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 Happy 6th birthday to Sarabi, the African serval! You can see Sarabi at the Zoo's Schaefer Eye Center Wildlife Shows on your next visit to the Zoo! ( by Kelly Garrison)
 Phew. That was exhausting, and Oliver thinks it's time for a nap. I really hope you enjoyed following us behind-the-scenes to see what our day entails. My greatest passion is helping the animals participate in their own health care, and I'm extremely proud to do just that here at the Birmingham Zoo. #TakeoverTuesday - Dane Jorgensen, Lead Keeper of the Primate Department
 As zoo professionals, we care about all of the animals and don't play favorites...but Karina is totally my favorite. This giant otter is great at participating in her own health care. Here, she's showing off the value of a modified training port that our Maintenance team fabricated. Within this space, we are able to train for voluntary blood draws, radiographs, and ultrasounds. #TakeoverTuesday - Dane Jorgensen, Lead Keeper of the Primate Department
 "Good boy, Oliver!" This is an especially common phrase in the Primate Building. We've been training the zoo's 36 year old Sumatran orangutan, Oliver, to participate in awake echocardiograms (heart ultrasounds) with our veterinary team. Heart health is a very important component of great ape care, and Oliver is hoping to contribute to the Great Ape Heart Project (https://greatapeheartproject.org). #TakeoverTuesday - Dane Jorgensen, Lead Keeper of the Primate Department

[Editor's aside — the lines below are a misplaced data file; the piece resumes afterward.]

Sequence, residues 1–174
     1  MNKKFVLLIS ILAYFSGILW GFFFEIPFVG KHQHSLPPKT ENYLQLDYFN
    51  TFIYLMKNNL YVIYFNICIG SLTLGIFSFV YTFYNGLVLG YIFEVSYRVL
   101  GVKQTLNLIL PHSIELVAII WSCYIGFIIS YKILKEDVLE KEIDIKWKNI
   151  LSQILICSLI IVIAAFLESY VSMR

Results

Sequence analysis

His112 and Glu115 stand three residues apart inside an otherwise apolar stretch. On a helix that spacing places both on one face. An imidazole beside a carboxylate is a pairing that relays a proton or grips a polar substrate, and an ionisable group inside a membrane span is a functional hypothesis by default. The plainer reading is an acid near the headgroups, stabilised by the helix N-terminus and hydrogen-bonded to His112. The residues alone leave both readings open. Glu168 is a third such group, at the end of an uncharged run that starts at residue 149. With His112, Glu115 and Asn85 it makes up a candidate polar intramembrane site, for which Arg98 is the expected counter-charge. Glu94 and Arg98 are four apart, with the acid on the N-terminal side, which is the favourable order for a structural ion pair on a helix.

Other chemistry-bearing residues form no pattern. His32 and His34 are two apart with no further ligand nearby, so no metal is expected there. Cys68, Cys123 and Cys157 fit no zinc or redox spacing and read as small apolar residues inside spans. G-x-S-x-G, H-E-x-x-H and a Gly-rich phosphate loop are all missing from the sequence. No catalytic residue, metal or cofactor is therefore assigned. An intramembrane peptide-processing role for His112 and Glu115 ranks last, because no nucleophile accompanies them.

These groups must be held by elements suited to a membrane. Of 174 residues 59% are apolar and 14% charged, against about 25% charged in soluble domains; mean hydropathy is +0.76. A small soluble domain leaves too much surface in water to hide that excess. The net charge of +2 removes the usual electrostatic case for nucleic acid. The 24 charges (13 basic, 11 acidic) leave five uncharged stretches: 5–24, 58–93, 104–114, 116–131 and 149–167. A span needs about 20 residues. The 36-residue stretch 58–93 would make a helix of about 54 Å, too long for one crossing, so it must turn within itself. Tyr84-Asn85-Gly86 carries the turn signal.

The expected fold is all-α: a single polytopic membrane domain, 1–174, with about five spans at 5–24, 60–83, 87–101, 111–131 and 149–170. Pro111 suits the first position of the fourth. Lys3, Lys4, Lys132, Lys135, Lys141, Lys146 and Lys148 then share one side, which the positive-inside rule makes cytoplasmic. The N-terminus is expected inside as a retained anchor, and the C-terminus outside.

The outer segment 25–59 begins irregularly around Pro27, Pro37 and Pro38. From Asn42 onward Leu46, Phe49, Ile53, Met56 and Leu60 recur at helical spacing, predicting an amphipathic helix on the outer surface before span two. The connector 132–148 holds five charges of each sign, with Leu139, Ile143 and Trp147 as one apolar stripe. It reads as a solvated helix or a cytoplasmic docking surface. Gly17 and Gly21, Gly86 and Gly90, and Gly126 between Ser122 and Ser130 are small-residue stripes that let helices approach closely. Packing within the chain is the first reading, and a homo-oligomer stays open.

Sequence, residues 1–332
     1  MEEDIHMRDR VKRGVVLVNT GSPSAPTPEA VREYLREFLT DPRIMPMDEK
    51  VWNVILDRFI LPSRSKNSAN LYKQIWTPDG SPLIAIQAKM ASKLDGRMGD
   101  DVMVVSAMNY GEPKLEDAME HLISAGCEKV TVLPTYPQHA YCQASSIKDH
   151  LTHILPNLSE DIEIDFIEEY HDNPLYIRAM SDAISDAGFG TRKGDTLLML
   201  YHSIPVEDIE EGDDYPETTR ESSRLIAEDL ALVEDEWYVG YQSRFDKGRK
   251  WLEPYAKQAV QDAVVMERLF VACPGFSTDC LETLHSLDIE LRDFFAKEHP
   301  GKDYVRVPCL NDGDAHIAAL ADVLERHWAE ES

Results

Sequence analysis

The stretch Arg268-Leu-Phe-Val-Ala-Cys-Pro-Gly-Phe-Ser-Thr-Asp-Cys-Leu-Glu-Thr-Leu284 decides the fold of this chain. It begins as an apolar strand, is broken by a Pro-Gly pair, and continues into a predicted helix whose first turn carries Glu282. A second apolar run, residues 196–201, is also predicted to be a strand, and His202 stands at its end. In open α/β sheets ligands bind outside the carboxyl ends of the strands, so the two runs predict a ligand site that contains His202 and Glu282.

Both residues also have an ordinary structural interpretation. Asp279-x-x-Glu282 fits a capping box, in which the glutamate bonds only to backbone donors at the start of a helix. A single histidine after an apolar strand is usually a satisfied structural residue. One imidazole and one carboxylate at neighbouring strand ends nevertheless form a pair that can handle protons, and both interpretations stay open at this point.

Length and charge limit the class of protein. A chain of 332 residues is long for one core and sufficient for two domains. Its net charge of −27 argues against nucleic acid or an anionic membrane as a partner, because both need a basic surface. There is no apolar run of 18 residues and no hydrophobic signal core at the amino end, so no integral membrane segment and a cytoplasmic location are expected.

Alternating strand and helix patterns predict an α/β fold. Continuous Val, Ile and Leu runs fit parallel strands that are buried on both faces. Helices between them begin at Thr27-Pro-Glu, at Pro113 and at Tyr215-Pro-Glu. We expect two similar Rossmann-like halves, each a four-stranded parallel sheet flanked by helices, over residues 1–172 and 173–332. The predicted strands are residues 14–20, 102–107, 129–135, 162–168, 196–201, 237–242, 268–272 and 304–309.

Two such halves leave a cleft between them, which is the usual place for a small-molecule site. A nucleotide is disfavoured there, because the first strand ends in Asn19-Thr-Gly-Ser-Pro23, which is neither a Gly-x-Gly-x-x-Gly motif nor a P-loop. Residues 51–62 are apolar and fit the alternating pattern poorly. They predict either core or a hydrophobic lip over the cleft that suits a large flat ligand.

What would a day in the Primate Building be without some monkey time? Our De Brazza's monkey, Huey, is a very motivated learner. He's trained for several different body presentations, which we can shape into medical behaviors. Here, Huey is demonstrating how he offers us his leg so our skilled veterinary technician can perform voluntary blood draws! #TakeoverTuesday - Dane Jorgensen, Lead Keeper of the Primate Department
 Next, let's visit with another training "whiz". Nairi, the Sumatran orangutan, has a unique part of her morning routine. She pees on cue! We trained her for this as a proactive health check that can be used throughout her life to run diagnostics and test hormonal changes.#TakeoverTuesday - Dane Jorgensen, Lead Keeper of the Primate Department
 Morning is the best time to weigh the largest species of porcupine in the world. Mork, the African crested porcupine, is trained to touch his nose to a target pole, which allows us to "target" him onto a portable scale. Training like this helps us obtain regular and reliable weights on the animals. #TakeoverTuesday - Dane Jorgensen, Lead Keeper of the Primate Department
 Wake up, roll out of bed, and brush those wild canines. I always check on the giant otters and orangutans bright and early, so funky morning breath is not an option. All three are trained for an "open" mouth behavior for preventative dental care. The giant otter even has a fish-flavored toothpaste! #TakeoverTuesday - Dane Jorgensen, Lead Keeper of the Primate Department